A change in muscle mass (say, from stopping lifting weights) may also affect your metabolism—aka the chemical processes in your body that convert food into energy to keep you alive. "Muscles are some of the most active tissues in the body," says Deschenes. Weight lifting and other activities that build muscle mass can increase your metabolic rate, because your cells require lots of energy (in the form of oxygen and food) to perform. But when you lose muscle mass, Deschenes says, you're inherently not using up as much oxygen or calories, which slows down your metabolism.

Changes in metabolism aren't inherently good or bad. However, if your metabolism slows down due to reduced activity but you're still eating the same amount that you did when you were lifting weights, you may gain weight in the form of fat, adds Ahmed Helmy, MD.

You may increase your risk of diabetes

Young woman measures blood sugar level.

Your body needs glucose (aka sugar) to function, and muscles play a surprising role in the process. "Muscle mass is the greatest depot of stored glucose [in the body]," says Deschenes. The liver has some, he says, but it's a much smaller amount. If you lose significant amounts of muscle mass, your body becomes more reliant on what is stored in the liver—which he says can lead to problems with blood glucose control and in more extreme cases, type 2 diabetes. Thankfully, building muscle mass (which you can do with, you guessed it, weight training!) is associated with a reduced risk of diabetes.

Good news: Most of these issues are reversible

Fitness girl doing dumbbells plank row exercise lifting dumbbell weights. Woman doing floor workout renegade row or commando alternating plank row at gym.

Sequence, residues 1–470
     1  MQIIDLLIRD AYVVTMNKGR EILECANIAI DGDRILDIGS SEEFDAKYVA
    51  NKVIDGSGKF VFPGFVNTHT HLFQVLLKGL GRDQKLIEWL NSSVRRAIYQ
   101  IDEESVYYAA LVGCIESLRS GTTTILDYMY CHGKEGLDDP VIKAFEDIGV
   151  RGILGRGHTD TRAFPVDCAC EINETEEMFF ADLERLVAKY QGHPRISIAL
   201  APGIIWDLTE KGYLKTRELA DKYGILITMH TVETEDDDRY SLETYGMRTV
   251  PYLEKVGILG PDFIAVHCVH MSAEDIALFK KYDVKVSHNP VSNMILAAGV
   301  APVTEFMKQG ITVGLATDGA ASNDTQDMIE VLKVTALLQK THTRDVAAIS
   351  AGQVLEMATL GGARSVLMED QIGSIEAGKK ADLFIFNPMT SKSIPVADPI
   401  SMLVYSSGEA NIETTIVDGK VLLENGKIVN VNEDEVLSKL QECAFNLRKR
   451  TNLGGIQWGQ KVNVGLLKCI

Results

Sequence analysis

You might think all this means that you have to constantly lift weights or risk tons of negative side effects. But Deschenes emphasizes that not only does it take a long time to experience these changes, but you can also regain most of the ground you've lost by resuming weight training. That's because our bodies have a muscle "memory" that makes it easier to build back up existing muscle, he says. (The exact mechanism of how it works isn't entirely clear, but current research suggests that unused, atrophied muscle cells shrink rather than die off completely.)

"Don't be afraid to put down those weights for a week," he says, whether it's due to a vacation, a bad mental health spell, or recovery from surgery. "You could take two or three weeks off and be fine." Additionally, once you hit the muscle mass you're looking for, you don't need to lift every day to maintain it. "You can maintain your strength and muscle mass as little as one session a week," he says. So if you have to put down your dumbbells for a spell, don't worry: Your muscles will be ready to pick back up where you left off. And for more life-changing exercise advice, see here for the Secret Exercise Tricks for Keeping Your Weight Down for Good.

Jessie Van Amburg
Jessie Van Amburg is a freelance writer and editor who has covered health, nutrition, and lifestyle topics for top media outlets including Women's Health Magazine,, and Well+Good. Read more about Jessie